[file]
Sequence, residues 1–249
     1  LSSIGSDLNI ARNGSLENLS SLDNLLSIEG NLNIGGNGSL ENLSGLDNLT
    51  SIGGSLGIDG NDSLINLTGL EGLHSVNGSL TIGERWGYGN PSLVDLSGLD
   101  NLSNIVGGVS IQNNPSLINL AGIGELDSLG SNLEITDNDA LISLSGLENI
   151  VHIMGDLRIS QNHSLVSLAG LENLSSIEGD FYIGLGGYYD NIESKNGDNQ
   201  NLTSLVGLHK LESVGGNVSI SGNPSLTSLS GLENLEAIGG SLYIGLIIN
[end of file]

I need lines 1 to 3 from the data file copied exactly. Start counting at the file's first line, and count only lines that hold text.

Sequence, residues 1–249
     1  LSSIGSDLNI ARNGSLENLS SLDNLLSIEG NLNIGGNGSL ENLSGLDNLT
    51  SIGGSLGIDG NDSLINLTGL EGLHSVNGSL TIGERWGYGN PSLVDLSGLD